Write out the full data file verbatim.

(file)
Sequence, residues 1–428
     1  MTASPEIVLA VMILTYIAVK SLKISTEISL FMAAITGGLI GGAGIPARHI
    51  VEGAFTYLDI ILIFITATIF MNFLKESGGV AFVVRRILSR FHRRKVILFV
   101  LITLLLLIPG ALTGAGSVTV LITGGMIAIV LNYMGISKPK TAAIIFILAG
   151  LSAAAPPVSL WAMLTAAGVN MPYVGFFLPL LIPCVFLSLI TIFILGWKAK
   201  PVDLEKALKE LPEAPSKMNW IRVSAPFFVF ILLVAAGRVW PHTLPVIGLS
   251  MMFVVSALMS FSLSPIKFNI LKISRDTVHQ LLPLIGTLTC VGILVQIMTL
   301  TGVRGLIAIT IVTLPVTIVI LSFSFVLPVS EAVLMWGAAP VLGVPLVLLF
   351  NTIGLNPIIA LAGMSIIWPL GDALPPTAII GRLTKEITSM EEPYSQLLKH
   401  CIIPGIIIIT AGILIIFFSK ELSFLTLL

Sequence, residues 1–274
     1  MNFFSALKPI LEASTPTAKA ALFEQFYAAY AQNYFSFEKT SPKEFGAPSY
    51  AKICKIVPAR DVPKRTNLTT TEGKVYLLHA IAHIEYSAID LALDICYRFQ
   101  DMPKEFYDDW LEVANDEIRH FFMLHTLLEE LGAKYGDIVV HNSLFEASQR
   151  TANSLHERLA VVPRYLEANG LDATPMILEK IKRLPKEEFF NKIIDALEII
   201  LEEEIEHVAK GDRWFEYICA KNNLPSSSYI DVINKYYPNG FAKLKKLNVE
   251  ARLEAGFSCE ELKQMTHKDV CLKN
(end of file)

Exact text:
Sequence, residues 1–428
     1  MTASPEIVLA VMILTYIAVK SLKISTEISL FMAAITGGLI GGAGIPARHI
    51  VEGAFTYLDI ILIFITATIF MNFLKESGGV AFVVRRILSR FHRRKVILFV
   101  LITLLLLIPG ALTGAGSVTV LITGGMIAIV LNYMGISKPK TAAIIFILAG
   151  LSAAAPPVSL WAMLTAAGVN MPYVGFFLPL LIPCVFLSLI TIFILGWKAK
   201  PVDLEKALKE LPEAPSKMNW IRVSAPFFVF ILLVAAGRVW PHTLPVIGLS
   251  MMFVVSALMS FSLSPIKFNI LKISRDTVHQ LLPLIGTLTC VGILVQIMTL
   301  TGVRGLIAIT IVTLPVTIVI LSFSFVLPVS EAVLMWGAAP VLGVPLVLLF
   351  NTIGLNPIIA LAGMSIIWPL GDALPPTAII GRLTKEITSM EEPYSQLLKH
   401  CIIPGIIIIT AGILIIFFSK ELSFLTLL

Sequence, residues 1–274
     1  MNFFSALKPI LEASTPTAKA ALFEQFYAAY AQNYFSFEKT SPKEFGAPSY
    51  AKICKIVPAR DVPKRTNLTT TEGKVYLLHA IAHIEYSAID LALDICYRFQ
   101  DMPKEFYDDW LEVANDEIRH FFMLHTLLEE LGAKYGDIVV HNSLFEASQR
   151  TANSLHERLA VVPRYLEANG LDATPMILEK IKRLPKEEFF NKIIDALEII
   201  LEEEIEHVAK GDRWFEYICA KNNLPSSSYI DVINKYYPNG FAKLKKLNVE
   251  ARLEAGFSCE ELKQMTHKDV CLKN